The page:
Valuation Considerations

Values may vary according to the type of property, for example whether a snooker hall is located above a shop in a secondary shopping location or situated within a former cinema. Valuation judgments on the extent of any difference should be made in the light of evidence from within the Unit or adjoining Units.

Lack of natural light is not necessarily a disadvantage to a snooker hall or club, although it may preclude bids from tenants envisaging alternative uses.

Many snooker halls or clubs will not have private car parking facilities, and thus the absence of parking within the hereditament will be the norm. If car parking is available for sole use of players it should be valued and included in the assessment (if one hereditament). Shared car parking should be reflected in the value per square metre adopted.

The presence, or lack of, on-street parking or public car parks in the vicinity will be reflected in the rental evidence, as may the quality of public transport links. These factors should be taken into account when analysing rents and comparing hereditaments.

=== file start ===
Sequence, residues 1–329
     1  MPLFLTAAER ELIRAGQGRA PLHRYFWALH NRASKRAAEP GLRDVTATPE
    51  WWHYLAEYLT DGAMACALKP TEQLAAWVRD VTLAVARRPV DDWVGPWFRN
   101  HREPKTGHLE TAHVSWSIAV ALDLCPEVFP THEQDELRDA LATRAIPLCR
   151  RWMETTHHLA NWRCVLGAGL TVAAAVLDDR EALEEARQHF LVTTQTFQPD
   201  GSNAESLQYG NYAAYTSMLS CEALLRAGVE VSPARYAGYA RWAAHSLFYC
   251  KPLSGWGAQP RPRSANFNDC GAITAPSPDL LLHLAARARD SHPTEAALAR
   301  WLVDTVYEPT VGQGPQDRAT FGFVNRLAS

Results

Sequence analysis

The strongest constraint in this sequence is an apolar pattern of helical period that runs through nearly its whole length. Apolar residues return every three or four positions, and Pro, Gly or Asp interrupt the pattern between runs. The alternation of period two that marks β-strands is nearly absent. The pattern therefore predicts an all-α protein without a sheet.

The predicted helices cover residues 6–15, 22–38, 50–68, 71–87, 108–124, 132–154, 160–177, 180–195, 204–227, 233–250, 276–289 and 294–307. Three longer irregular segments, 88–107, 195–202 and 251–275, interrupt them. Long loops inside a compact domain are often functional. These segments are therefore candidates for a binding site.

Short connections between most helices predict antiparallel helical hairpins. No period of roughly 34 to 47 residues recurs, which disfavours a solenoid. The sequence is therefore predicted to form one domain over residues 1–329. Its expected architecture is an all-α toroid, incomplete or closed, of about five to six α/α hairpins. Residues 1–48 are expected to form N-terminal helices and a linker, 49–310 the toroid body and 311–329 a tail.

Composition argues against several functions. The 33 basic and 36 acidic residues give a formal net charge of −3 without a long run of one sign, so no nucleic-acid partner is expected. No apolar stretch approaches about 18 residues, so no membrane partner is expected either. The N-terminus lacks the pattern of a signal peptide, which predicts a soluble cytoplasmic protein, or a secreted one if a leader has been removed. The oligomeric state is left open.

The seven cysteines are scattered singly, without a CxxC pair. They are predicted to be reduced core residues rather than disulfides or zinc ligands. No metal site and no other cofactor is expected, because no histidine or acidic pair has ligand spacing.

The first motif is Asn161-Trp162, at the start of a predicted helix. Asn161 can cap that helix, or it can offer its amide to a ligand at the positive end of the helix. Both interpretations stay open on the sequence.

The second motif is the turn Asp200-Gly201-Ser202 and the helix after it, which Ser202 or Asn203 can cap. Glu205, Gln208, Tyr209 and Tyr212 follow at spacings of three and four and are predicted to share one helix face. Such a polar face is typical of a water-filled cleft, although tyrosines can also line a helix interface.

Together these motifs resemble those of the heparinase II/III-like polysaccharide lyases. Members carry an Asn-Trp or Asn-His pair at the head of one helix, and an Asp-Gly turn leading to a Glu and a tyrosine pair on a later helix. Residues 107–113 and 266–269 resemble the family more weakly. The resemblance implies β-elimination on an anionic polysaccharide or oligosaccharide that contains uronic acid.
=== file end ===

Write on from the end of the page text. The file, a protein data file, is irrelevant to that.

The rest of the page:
9. Valuation Support

  • Rating Support Application (RSA)

  • Survaid

  • Class Co-ordination Team

Practice note: 2017 - Snooker halls and clubs

1. Market Appraisal

A number of factors have hit UK snooker clubs hard. The smoking ban 2007, by all accounts, has had a negative on business, and recent legislation on the size of the jackpot from gaming machines has left clubs unable to compete with betting shops and casinos.

Coupled with the recession in general, people’s discretionary spending on leisure activities has reduced markedly.

The time when snooker clubs could rely solely on their table takings are long gone. Many have replaced some or all of their snooker tables with pool, which is growing in popularity and is a more of a social game.

Others have installed the likes of darts lanes and bowling alleys where snooker tables once stood. Some clubs have even gone as far as converting snooker rooms into poker clubs. Those clubs that have failed to adapt have unfortunately closed down.

2. Changes From Last Practice Note

There was no Practice Note for the 2010 Revaluation.

3. Ratepayer Discussions

There have been no 2017 List discussions on this class of property.

4. Valuation Scheme

Rental evidence from within Units should be analysed in terms of rent per square metre. This should enable comparison to be made between halls, clubs and similar properties, thus enabling a judgement to be made as to the correct level of value for the differing types of buildings and locations.

Snooker halls and clubs will normally include a licensed bar and may have limited catering/restaurant facilities. Income from the bar may form a significant part of the total income obtainable from the hereditament. Valuers must ensure that the valuation produced adequately reflects the additional income generated.